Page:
While a definitive cure for cancer, or even certain types of cancer, remains elusive, there has been significant progress in the effectiveness of different treatments. However, the key is still, and is likely to remain for the foreseeable future, catching cancer at an early stage. All too often, delays in cancer sufferers going to a doctor, or doctors not ordering a biopsy or blood test quickly enough, prove fatal. Screening is only done when there are already symptoms, at which point it is often too late to effectively combat the disease.
The key to catching as many cancers as early as possible is a quick, easy, affordable and reliable test able to detect even small concentrations of cancer cells anywhere in the body. And that is exactly what Australian researchers have achieved according to a recently published study.
The researchers, a team from the University of Queensland, discovered that cancer DNA forms a specific structure when placed in water. That led them to developing a test to detect that DNA structure if present. It takes 10 minutes and the hope is it will help detect cancer far more quickly and cheaply than current methods. The hope is that their test can mean cancer screening becomes part of general health check-ups.
One of the major hurdles that doctors face when it comes to screening is that the methods commonly used are different for every different type of cancer. A lot of research has been going into finding a one-stop-shop screening method that can detect cancer whatever type it might be and wherever it is located in the body.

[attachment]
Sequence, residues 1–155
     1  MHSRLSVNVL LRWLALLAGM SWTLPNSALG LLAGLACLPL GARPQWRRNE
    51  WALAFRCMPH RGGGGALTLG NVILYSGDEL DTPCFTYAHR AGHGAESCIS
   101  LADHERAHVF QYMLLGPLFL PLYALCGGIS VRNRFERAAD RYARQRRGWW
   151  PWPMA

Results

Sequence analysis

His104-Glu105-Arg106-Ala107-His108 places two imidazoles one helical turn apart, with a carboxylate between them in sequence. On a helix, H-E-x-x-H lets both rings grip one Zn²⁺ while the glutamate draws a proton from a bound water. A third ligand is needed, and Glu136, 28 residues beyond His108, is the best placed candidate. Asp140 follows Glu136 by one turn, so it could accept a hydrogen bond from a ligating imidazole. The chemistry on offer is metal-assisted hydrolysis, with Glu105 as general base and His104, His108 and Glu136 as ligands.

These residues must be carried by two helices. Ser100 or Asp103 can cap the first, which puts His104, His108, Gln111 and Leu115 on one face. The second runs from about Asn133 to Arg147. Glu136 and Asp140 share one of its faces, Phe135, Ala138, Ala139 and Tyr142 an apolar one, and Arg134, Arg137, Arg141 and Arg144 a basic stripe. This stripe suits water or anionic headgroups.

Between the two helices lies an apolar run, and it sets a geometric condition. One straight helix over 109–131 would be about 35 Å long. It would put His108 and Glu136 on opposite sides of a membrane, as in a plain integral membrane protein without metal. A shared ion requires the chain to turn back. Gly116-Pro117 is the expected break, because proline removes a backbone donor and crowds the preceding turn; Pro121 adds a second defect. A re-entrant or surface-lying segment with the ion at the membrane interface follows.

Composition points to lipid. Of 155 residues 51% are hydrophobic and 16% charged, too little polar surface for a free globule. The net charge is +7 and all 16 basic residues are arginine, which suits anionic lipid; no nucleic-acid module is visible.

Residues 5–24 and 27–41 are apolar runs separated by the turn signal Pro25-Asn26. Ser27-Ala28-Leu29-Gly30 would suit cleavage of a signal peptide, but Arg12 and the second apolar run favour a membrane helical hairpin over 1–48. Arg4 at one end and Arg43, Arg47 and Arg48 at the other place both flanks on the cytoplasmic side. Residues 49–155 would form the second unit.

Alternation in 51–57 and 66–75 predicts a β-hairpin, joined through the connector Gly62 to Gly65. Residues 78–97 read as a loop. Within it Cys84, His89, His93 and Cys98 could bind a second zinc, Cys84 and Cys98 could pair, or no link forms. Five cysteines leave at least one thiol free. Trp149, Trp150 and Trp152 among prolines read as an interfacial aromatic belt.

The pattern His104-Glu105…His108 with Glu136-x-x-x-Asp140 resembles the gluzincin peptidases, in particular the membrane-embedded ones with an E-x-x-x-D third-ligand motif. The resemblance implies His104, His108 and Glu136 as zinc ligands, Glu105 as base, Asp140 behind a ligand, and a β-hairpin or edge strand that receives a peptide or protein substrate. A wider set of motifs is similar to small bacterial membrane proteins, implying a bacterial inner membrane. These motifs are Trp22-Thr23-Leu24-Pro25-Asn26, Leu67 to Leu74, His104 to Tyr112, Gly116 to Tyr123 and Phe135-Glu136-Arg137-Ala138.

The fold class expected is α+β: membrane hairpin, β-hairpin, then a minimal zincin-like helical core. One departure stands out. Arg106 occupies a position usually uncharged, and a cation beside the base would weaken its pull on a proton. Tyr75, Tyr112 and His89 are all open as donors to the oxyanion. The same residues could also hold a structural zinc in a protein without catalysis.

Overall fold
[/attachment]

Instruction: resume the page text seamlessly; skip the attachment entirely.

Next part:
Researchers at Johns Hopkins University have this year developed a blood test called CancerSEEK that can detect eight common kinds of cancer. But the University of Queensland’s test would, if clinical trials confirm the early promise it has demonstrated, take things a step further and screen for any kind of cancer.
How exactly does it work? It turns out that cancerous DNA molecules from any kind of human tissue, including blood, have a noticeably different 3D nanostructure to normal DNA. The DNA of cancerous cells has a different distribution of molecules known as methyl groups. The test detects this altered patterning when placed in a solution such as water. The study’s findings explained:
“Using … a high-resolution microscope, we saw that cancerous DNA fragments folded into three-dimensional structures in water. These were different to what we saw with normal tissue DNA in the water”.
The test involves the use of gold particles which bind with cancerous DNA in a way that affects the “molecular behaviour in way that causes visible colour changes”.
Early tests have been carried out on 200 tissue and blood samples showed 90% accuracy in the detection of a range of cancers. The team seeing no reason why it wouldn’t work in exactly the same way to detect other forms of the disease. The key strength of the test is that it requires almost no equipment, is fast, cheap and will in theory work for all cancer types. The team’s next step is to move to clinical trials.